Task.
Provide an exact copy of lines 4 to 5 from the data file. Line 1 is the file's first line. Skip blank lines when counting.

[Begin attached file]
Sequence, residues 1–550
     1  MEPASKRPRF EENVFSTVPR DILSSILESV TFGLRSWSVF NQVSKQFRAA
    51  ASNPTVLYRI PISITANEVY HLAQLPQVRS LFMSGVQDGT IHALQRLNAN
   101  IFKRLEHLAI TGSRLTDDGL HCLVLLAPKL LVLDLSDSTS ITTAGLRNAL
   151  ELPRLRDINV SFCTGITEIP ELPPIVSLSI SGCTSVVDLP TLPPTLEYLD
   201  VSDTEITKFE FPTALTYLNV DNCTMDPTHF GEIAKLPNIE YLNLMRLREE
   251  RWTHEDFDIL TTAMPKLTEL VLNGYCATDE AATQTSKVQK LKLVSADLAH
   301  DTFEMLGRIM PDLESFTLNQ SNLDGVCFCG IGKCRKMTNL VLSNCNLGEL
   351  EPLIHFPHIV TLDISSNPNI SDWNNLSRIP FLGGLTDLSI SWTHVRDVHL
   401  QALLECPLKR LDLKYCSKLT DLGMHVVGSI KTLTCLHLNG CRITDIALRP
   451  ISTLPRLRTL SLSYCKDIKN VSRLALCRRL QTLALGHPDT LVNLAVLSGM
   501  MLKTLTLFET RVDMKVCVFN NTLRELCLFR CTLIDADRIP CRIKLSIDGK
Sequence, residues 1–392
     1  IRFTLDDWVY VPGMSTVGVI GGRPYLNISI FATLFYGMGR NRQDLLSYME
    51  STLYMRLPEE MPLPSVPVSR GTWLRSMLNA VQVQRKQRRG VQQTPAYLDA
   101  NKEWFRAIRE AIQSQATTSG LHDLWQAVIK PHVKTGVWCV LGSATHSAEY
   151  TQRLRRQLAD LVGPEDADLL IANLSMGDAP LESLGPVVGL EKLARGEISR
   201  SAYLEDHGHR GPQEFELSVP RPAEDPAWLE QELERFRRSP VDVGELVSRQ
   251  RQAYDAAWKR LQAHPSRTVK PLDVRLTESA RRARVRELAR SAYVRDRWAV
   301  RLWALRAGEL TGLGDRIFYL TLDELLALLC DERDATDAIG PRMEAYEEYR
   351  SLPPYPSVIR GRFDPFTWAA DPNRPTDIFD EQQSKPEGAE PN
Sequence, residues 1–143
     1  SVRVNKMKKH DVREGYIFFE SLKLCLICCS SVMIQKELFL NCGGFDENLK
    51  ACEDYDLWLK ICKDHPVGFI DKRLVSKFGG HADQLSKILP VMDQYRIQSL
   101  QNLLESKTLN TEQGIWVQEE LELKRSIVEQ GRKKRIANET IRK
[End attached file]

   101  IFKRLEHLAI TGSRLTDDGL HCLVLLAPKL LVLDLSDSTS ITTAGLRNAL
   151  ELPRLRDINV SFCTGITEIP ELPPIVSLSI SGCTSVVDLP TLPPTLEYLD